The third quarter was clearly not the easiest one we have seen, given the tragic events of September 11 and the unusually slow summer months preceding them. In particular, our options activities came under pressure. Nevertheless, it is worth stressing in these difficult times that we are achieving healthy results and we are satisfied with the more than Euro 19 million we were able to earn in these circumstances. The revenue picture in October gives us confidence that we will reach our indicated net income from ordinary activities of approximately Euro 100 million for the full year, which would make 2001 Van der Moolen's second-best year ever.
(Id.)

   4. The March 7, 2002 Earnings Release

   Plaintiffs allege that the following statements, contained in the VDM Holdings earnings release issued March 7, 2002, were false and misleading:

Van der Moolen (NYSE: VDM), . . . a specialist and market making firm active on the important US and European equity, option and bond exchanges, achieved net income from ordinary activities (before extraordinary items) of EUR 100.7 million in 2001, a 27% decrease from 2000.
Net income from ordinary activities per common share declined by 30% from EUR 3.74 in 2000 to EUR 2.62 in 2001. Of its 258 trading days in 2001, Van der Moolen was able to close 226 of them with a positive trading result.
(Press Release, VDM Holding, "Van der Moolen: Net Income of EUR 100.7 Million in 2001" (Mar. 7, 2002) (footnotes omitted).)

   Plaintiffs also allege that the following statement by Bottcher in the March 7, 2002 press release was false and misleading:

2001 was an eventful year for us. Despite difficult market conditions, but also the sharp deterioration of our option activities, we achieved our second best earnings on record, with net income a little above EUR 100 million. We strengthened the firm further during 2001 with three acquisitions in the US, and our European equity and bond trading activities are developing favorably.
(Id.)

   5. The FY 2001 Annual Report

   The Plaintiffs allege that Van der Moolen Holding's 2001 annual report, which was signed by Bottcher, Dorjee, and Cleaver, contained false and misleading statements. First, the 2001 annual report reaffirmed the financial results previously announced in the March 7, 2002 earnings release.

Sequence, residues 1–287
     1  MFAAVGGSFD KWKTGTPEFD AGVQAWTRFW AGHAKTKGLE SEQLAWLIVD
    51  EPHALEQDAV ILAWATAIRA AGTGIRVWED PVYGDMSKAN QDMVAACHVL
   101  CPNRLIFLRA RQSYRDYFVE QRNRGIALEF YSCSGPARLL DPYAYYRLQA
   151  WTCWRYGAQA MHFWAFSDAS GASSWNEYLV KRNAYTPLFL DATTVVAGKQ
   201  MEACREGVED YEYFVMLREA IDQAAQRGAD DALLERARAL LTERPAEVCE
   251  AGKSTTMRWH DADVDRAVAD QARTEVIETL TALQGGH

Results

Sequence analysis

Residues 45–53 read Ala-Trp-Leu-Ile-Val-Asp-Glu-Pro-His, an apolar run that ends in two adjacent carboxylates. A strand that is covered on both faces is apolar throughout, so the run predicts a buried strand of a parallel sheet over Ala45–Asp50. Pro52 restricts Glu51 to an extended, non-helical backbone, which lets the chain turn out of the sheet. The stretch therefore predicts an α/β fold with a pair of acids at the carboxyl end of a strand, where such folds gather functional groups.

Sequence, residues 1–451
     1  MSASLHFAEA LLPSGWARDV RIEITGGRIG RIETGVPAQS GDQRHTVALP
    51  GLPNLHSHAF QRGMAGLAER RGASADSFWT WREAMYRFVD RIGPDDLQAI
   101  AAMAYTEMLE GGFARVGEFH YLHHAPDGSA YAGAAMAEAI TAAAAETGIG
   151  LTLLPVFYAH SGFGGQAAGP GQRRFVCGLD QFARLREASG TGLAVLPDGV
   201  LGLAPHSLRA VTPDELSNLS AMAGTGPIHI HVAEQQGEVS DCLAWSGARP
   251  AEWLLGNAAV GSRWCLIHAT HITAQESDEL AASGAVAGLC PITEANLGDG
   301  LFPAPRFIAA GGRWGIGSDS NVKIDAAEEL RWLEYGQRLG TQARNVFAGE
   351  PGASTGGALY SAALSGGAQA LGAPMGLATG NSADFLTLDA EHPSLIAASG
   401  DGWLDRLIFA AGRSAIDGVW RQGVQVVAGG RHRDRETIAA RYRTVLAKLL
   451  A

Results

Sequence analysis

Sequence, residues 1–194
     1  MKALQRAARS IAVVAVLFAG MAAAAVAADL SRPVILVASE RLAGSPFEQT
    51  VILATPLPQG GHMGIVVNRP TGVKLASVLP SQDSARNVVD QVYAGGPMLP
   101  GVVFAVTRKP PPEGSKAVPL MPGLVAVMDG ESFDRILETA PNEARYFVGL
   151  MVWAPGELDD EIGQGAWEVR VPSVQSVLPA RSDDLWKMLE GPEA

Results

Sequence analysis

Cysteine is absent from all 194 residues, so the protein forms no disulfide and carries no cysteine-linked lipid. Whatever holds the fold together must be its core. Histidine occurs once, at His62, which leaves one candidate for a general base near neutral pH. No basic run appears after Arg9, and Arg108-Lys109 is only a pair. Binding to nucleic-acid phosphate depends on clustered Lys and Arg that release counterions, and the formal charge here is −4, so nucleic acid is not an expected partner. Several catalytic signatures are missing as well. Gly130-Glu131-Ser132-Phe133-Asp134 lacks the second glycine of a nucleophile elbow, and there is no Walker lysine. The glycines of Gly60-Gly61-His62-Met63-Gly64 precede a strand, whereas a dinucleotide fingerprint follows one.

Furthermore, Plaintiffs allege that the following statement by PricewaterhouseCoopers N.V., VDM Holding's independent auditor, was false and misleading:

In our opinion, the accompanying consolidated statements of financial condition and the related consolidated statements of income, comprehensive income, shareholders' equity and cash flows present fairly, in all material respects, the financial position of Van der Moolen Holding N.V. and its subsidiaries at December 31, 2001 and 2000, and the results of their operations and their cash flows for each of the three years in the period ended December 31, 2001, in conformity with accounting principles generally accepted in the United States of America.
(05/18/02 Form 20-F Annual Report, at F-1.) Plaintiffs have also identified the following allegedly false and misleading statements:
We derive a substantial majority of our revenues 63.6%, 63.4% and 78.5% of total revenues in 1999, 2000 and 2001, respectively) from our New York Stock Exchange specialist subsidiary, Van der Moolen Specialists USA. If demand for its specialist services fails to grow or declines, our potential revenue growth would be adversely affected.
* * *
The majority of our specialist and market making revenues are derived from trading by our subsidiaries as principal. Our subsidiaries may incur trading losses relating to these activities, since each primarily involves the purchase, sale or short sale of securities for its own account. In any period, our subsidiaries may incur trading losses in a significant number of securities for a variety of reasons, including as a result of the required performance of some of our subsidiaries' specialist obligations.
(Id. at 14, 15.) In addition, Plaintiffs identified statements concerning regulatory and litigation liability and the duties and obligations of an specialist that were substantially similar to previously described statements contained in the October 15, 2001 Registration Statement.

   6. First Quarter 2002 Earnings Release

   Plaintiffs allege that the following statements, contained in the VDM Holdings earnings release issued May 1, 2002, were false and misleading: Van der Moolen . . ., a specialist and market marker in leading U.S. and European equity, option and fixed income markets, realized net income from ordinary activities of Euro 17.7 million in the first quarter of 2002, a decline of 43% compared with the first quarter of 2001. Net income from ordinary activities per common share was Euro 0.45, a decrease of 44% from the first quarter of 2001. Of the 62 trading days in the quarter, Van der Moolen closed 60 (97%) of them with a positive trading result.

   * * *

  

Net income per common share from ordinary activities, calculated on the basis of weighted average common shares outstanding and after deduction of dividends on preferred shares, came to Euro 0.45, a decrease of 44% below the Euro 0.81 earned in the first quarter of 2001.
(Press Release, Van der Moolen Holding, "Van der Moolen Reports Net Income From Ordinary Activities Of Euro 17.7 Million in the First Quarter of 2002" (May 1, 2002).)

   Plaintiffs also allege that the following statement by Bottcher in the May 1, 2002 press release was false and misleading:

There has been no recovery in equity markets to date. Weak turnover and restricted volatility limit trading opportunities for a firm such as ours. With limited exceptions, our trading revenues are down across the board, most notably in European equity markets. Given current uncertainties in the market, it is not possible at this stage to provide a forecast for the full year.